1337–1453, conflict between England and France.
Its basic cause was a dynastic quarrel that originated when the conquest of England by William of Normandy created a state lying on both sides of the English Channel. In the 14th cent. the English kings held the duchy of Guienne in France; they resented paying homage to the French kings, and they feared the increasing control exerted by the French crown over its great feudal vassals. The immediate causes of the Hundred Years War were the dissatisfaction of Edward III of England with the nonfulfillment by Philip VI of France of his pledges to restore a part of Guienne taken by Charles IV; the English attempts to control Flanders, an important market for English wool and a source of cloth; and Philip's support of Scotland against England.
The war may be dated from 1337, when Edward III of England assumed the title of king of France, a title held by Philip VI. Edward first invaded France from the Low Countries (1339–40), winning small success on land but defeating (1340) a French fleet at the battle of Sluis. In 1346 he won the battle of Crécy and besieged Calais, which surrendered in 1347. In 1356 the English won the battle of Poitiers, capturing King John II of France. After prolonged negotiations, the Treaty of Brétigny was signed (1360); England received Calais and practically all of Aquitaine, as well as a large ransom for the captive king.
The Gascon nobles, oppressively taxed by Edward the Black Prince, appealed (1369) to King Charles V. The war was renewed, and by 1373, Du Guesclin had won back most of the lost French territory. In 1415, Henry V of England renewed the English claims, took Harfleur, and defeated France's best knights at Agincourt. By 1419 he had subdued Normandy, with the connivance of John the Fearless, duke of Burgundy. Philip the Good, successor of John the Fearless, mediated between Henry V and Charles VI of France (see Troyes, Treaty of), and Charles recognized Henry as heir to the crown of France.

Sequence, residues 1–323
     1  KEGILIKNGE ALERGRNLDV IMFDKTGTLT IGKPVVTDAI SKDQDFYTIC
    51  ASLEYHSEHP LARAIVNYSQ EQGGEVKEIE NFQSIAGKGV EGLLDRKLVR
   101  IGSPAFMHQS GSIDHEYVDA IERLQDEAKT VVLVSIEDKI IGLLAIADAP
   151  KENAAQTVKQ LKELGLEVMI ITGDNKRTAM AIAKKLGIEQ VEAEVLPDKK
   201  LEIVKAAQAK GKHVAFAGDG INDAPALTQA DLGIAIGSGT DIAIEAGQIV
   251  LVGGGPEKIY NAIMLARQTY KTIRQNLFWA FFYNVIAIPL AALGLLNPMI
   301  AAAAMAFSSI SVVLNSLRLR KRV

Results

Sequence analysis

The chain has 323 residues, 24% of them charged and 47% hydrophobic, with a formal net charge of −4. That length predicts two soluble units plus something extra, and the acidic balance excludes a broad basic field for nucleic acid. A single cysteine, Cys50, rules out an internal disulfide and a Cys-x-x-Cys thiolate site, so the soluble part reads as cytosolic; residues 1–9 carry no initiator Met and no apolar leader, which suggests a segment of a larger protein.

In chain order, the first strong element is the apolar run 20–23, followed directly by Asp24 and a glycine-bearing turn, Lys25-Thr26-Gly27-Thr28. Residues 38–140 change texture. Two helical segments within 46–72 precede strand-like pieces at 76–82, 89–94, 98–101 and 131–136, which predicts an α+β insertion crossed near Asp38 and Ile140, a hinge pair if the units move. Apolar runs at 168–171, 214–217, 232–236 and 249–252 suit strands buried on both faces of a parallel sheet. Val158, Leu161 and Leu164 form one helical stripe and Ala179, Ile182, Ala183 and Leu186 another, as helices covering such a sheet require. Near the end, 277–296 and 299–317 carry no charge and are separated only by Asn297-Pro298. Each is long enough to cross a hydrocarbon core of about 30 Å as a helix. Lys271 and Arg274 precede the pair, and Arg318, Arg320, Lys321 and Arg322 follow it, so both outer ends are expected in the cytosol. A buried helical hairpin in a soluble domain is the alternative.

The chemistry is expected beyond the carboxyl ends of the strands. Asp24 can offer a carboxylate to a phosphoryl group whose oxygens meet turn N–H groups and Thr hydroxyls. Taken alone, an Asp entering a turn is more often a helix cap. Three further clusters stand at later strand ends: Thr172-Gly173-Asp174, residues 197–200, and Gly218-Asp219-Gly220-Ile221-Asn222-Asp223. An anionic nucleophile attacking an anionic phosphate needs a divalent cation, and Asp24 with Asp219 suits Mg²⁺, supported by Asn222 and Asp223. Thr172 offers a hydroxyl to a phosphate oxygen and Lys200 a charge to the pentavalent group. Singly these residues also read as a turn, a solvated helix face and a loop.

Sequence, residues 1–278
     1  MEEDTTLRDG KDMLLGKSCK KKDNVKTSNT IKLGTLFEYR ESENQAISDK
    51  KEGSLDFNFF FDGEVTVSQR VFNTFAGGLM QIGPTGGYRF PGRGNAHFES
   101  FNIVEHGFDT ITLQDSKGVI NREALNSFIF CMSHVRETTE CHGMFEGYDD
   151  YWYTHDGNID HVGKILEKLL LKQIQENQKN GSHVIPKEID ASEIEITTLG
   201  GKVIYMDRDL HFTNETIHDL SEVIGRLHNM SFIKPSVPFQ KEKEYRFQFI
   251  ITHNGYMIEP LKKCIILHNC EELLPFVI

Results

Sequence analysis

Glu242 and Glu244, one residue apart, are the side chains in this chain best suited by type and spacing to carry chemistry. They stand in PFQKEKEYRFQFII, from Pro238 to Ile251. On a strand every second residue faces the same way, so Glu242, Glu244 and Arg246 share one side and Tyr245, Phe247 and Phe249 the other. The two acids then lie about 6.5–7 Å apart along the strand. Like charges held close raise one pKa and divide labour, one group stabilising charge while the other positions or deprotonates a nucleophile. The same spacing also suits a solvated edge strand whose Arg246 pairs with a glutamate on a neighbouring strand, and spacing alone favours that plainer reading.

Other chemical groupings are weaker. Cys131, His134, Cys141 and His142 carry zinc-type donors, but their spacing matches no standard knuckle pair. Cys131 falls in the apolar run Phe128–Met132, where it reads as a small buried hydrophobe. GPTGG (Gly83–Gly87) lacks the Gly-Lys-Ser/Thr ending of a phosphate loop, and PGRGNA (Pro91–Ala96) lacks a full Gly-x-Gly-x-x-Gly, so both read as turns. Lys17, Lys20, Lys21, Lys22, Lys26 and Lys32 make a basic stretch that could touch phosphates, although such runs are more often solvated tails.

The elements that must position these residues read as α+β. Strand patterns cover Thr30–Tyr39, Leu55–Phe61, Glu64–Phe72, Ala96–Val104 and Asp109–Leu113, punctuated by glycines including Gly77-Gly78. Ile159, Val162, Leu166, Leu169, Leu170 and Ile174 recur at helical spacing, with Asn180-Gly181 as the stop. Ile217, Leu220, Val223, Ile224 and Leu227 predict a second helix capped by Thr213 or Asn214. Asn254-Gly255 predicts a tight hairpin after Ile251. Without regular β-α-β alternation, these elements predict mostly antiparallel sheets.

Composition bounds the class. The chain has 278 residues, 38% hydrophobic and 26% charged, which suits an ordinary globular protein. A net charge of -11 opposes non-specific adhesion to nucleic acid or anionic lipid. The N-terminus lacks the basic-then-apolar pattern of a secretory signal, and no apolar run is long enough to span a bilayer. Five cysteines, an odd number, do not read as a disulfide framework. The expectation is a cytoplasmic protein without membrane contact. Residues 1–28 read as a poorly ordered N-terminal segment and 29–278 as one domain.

By 1429 the English and their Burgundian allies were masters of practically all France N of the Loire, but in that year Joan of Arc raised the siege of Orléans and saw Charles VII crowned king of France at Reims. Her capture by the Burgundians and her judicial murder after extradition to the British did not stop the renewal of French successes. In 1435, Charles obtained the alliance of Burgundy (see Arras, Treaty of). By 1450 the French reconquered Normandy, and by 1451 all Guienne but Bordeaux was taken. After the fall (1453) of Bordeaux, England retained only Calais, which was not conquered by France until 1558. England, torn by the Wars of the Roses, made no further attempt to conquer France.
The Hundred Years War inflicted untold misery on France. Farmlands were laid waste, the population was decimated by war, famine, and the Black Death (see plague), and marauders terrorized the countryside. Civil wars (see Jacquerie; Cabochiens; Armagnacs and Burgundians) and local wars (see Breton Succession, War of the) increased the destruction and the social disintegration. Yet the successor of Charles VII, Louis XI, benefited from these evils. The virtual destruction of the feudal nobility enabled him to unite France more solidly under the royal authority and to promote and ally with the middle class. From the ruins of the war an entirely new France emerged. For England, the results of the war were equally decisive; it ceased to be a continental power and increasingly sought expansion as a naval power.
The great chronicler of the war was Froissart.
- Shakespeare, taking liberties with history, dramatized the war in Henry V and Henry VI. See also E. Perroy, The Hundred Years War (tr. 1951, repr. 1967).
- The Age of Plantagenet and Valois (1967). ,
- The Hundred Years War (1988). ,
- J. Sumption, The Hundred Years War (3 vol., 1990–2000).
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